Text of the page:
Night of the Living Dead’s ending is still shocking even when you know what’s going to happen: it’s the next morning, the sun’s up, the cavalry (so to speak) arrive at the farmhouse. Ben shows his face at a window and is shot in the head. ‘OK, he’s dead,’ the sheriff says. ‘Let’s go get him. That’s another one for the fire.’ The distinctions between the living and the undead break down over the course of the movie, not only because human characters die and rise again as ghouls, but because characters’ – and viewers’ – perceptions are increasingly unreliable. The forces of law and order look like just another wave of ghouls when they first appear walking across the fields towards the farmhouse; they tend to make the same assumption about anyone who crosses their path. You can see how easily things can go wrong. Sanction the use of lethal force against would-be suicide bombers, and before you know it a Brazilian electrician is lying dead on the floor of a Tube train with seven bullets in his head.
All this isn’t to say that zombies straightforwardly ‘are’ suicide bombers. Another reason they’ve shown such longevity and resilience is that they are so metaphorically open. As Whitehead puts it in Zone One, which is set in downtown Manhattan in the aftermath of a zombie apocalypse, the survivors putting down the undead ‘all saw something different as they dropped the creatures.’ In 1968 a certain cross-section of conservative white America would presumably have looked in the mirror held up to them by Night of the Living Dead and seen only Viet Cong, Watts rioters, protesting students. In his preface to Fanon’s Wretched of the Earth, published in 1961, Sartre told Europeans who once saw their colonised subjects as zombies that, now, ‘les zombies, c’est vous.’ What he didn’t – couldn’t – say was ‘les zombies, c’est nous.’ Zombies, as he didn’t quite put it elsewhere, are other people.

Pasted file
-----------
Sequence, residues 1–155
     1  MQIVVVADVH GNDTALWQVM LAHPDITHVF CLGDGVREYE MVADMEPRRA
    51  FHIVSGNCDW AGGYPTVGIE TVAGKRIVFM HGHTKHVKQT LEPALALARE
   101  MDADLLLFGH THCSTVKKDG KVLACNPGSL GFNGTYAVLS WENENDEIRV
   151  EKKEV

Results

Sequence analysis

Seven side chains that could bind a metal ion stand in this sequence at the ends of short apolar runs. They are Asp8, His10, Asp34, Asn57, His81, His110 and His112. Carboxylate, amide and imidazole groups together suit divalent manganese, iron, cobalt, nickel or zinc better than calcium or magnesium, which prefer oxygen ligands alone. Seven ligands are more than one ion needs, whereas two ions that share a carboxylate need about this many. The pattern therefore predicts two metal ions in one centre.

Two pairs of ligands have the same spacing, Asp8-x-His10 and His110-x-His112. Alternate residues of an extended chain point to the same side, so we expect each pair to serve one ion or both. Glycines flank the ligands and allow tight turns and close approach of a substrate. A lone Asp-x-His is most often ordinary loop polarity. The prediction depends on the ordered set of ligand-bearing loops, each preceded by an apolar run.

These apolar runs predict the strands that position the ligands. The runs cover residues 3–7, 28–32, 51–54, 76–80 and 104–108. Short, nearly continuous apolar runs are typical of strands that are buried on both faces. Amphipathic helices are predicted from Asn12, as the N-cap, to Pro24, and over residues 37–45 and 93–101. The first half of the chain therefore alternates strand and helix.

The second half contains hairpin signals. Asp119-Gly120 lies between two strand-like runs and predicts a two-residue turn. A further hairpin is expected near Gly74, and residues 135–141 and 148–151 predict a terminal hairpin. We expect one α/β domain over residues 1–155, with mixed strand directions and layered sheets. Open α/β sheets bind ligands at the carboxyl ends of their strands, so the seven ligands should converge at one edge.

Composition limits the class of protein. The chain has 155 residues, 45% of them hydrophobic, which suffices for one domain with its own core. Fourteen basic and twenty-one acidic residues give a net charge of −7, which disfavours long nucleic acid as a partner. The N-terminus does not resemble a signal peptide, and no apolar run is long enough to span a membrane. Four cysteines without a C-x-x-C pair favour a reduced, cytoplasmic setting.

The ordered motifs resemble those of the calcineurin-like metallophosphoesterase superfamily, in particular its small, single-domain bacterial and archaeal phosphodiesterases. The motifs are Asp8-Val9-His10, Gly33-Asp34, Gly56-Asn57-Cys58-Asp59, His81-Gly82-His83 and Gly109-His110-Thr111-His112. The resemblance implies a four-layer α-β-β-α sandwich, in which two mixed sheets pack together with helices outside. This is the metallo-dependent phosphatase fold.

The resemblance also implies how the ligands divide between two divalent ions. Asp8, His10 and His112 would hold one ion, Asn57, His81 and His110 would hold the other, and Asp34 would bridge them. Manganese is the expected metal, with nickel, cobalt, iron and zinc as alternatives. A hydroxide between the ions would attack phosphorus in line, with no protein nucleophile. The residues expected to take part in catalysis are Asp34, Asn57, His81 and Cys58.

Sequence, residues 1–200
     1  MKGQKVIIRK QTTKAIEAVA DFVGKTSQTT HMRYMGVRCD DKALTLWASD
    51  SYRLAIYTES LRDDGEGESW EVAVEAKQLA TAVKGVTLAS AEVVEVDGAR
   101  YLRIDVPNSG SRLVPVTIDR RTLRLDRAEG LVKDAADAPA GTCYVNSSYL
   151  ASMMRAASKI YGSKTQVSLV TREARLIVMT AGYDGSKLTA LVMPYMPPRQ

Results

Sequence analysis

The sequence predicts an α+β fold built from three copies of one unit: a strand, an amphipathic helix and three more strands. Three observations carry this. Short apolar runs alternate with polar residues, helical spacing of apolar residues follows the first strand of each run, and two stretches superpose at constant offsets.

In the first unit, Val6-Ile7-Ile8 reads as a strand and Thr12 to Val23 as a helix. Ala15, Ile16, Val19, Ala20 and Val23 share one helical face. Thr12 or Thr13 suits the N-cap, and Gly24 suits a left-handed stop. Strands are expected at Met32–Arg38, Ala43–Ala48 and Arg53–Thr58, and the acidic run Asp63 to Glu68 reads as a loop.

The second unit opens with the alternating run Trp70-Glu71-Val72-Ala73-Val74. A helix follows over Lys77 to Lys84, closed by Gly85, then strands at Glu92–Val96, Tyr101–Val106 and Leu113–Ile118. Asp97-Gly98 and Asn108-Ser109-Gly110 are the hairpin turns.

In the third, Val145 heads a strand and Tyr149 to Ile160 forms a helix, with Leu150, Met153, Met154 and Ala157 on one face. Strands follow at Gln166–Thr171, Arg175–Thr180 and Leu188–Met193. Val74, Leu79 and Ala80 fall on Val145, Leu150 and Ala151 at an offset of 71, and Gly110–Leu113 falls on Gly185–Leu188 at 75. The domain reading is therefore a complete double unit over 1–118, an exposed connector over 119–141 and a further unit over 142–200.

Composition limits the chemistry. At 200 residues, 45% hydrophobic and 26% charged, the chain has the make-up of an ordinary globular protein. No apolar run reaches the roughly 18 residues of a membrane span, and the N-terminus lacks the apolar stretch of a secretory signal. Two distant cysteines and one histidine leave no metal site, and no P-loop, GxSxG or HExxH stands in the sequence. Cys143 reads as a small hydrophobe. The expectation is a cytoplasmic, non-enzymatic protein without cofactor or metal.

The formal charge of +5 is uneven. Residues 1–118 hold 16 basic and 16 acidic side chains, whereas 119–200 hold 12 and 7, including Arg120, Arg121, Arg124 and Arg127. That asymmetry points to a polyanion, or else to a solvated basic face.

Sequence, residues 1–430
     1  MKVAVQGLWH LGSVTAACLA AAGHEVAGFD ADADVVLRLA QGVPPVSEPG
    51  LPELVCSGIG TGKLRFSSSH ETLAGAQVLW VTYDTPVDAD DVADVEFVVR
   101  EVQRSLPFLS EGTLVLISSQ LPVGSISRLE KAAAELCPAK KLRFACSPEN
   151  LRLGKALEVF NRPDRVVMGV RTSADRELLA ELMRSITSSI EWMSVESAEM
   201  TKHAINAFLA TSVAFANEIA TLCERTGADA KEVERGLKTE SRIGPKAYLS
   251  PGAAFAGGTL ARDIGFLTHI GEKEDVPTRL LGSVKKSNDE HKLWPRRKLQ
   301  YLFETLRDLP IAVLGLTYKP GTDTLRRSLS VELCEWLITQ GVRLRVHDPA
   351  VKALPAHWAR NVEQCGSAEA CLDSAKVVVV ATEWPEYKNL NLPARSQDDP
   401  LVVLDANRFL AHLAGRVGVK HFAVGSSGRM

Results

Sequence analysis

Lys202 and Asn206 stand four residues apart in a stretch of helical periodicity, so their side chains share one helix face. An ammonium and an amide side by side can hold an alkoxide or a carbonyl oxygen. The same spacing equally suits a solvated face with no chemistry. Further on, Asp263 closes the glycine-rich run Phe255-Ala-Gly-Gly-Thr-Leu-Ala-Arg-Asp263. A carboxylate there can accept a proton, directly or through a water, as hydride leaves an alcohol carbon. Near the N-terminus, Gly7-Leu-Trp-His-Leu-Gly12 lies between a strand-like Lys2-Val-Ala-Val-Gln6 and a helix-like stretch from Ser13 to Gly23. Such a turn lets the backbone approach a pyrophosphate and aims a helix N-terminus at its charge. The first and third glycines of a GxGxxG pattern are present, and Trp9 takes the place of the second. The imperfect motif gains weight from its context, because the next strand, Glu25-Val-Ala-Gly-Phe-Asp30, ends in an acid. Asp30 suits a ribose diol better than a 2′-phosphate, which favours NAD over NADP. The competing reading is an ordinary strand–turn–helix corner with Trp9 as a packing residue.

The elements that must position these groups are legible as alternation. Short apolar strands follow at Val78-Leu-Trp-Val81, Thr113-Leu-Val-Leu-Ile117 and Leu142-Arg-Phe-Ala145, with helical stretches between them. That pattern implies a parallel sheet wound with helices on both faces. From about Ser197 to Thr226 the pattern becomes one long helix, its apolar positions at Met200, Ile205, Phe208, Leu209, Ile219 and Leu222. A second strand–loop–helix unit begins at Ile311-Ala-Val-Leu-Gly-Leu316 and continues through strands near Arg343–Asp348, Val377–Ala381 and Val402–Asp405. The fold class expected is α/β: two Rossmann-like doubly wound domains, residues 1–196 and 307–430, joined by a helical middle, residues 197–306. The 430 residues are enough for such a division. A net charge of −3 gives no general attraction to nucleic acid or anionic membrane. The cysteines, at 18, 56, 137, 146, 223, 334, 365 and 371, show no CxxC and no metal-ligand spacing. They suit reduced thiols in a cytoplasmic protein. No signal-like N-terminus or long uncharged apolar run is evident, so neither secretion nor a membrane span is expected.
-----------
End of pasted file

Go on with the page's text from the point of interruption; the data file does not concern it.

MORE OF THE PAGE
Identify with the plucky band of sympathetic individuals defending themselves against the murderous onslaught of an undifferentiated horde, as the stories invite you to, and the zombie threat taps into atavistic fears of death, disease, decay, enslavement, cannibalism; but consider the situation from the outside – a privileged minority uses extreme violence to protect its property against the starving crowd battering at the gates – and the moral certainties collapse like a flimsily assembled barricade. Looking at the Statue of Liberty across the harbour from Battery Park, one of the characters in Zone One thinks: ‘Give me your poor, your hungry, your suppurating masses yearning to eat.’
In the opening scene of Whitehead’s novel, which at times reads like a movie treatment, a boy goes with his parents to visit his cool uncle at his 19th-floor apartment in the city, equipped with the latest in hitech home entertainment systems and a big-breasted girlfriend. ‘The boy watched TV and loitered by the glass walls, looking out on the city through smoky anti-UV glass.’ The skyline fades from late 20th-century exhaust-stained cityscape to post-apocalyptic rain-and-ash-smeared ruin. The boy is now a man, world-weary, unwashed and carrying a gun. ‘He turned from the window’ and ‘kicked in the door to Human Resources’. Which is ironic. ‘They were on him in an instant … He was the first live human being the dead had seen since the start, and the former ladies of HR were starving.’ He survives, of course.